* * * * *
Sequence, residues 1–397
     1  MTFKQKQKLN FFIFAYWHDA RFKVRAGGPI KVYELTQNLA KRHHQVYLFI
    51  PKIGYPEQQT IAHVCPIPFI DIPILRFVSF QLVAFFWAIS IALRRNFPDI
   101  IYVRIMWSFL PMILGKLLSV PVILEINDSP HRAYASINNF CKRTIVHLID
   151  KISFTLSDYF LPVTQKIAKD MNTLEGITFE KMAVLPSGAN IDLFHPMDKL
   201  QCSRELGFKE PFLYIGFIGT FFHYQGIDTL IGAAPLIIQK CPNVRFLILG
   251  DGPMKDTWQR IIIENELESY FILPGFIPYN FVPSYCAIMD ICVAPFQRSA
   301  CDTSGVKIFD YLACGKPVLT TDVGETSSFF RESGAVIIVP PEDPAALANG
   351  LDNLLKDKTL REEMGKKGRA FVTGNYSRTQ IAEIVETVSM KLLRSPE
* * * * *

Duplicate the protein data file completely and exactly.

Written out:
Sequence, residues 1–397
     1  MTFKQKQKLN FFIFAYWHDA RFKVRAGGPI KVYELTQNLA KRHHQVYLFI
    51  PKIGYPEQQT IAHVCPIPFI DIPILRFVSF QLVAFFWAIS IALRRNFPDI
   101  IYVRIMWSFL PMILGKLLSV PVILEINDSP HRAYASINNF CKRTIVHLID
   151  KISFTLSDYF LPVTQKIAKD MNTLEGITFE KMAVLPSGAN IDLFHPMDKL
   201  QCSRELGFKE PFLYIGFIGT FFHYQGIDTL IGAAPLIIQK CPNVRFLILG
   251  DGPMKDTWQR IIIENELESY FILPGFIPYN FVPSYCAIMD ICVAPFQRSA
   301  CDTSGVKIFD YLACGKPVLT TDVGETSSFF RESGAVIIVP PEDPAALANG
   351  LDNLLKDKTL REEMGKKGRA FVTGNYSRTQ IAEIVETVSM KLLRSPE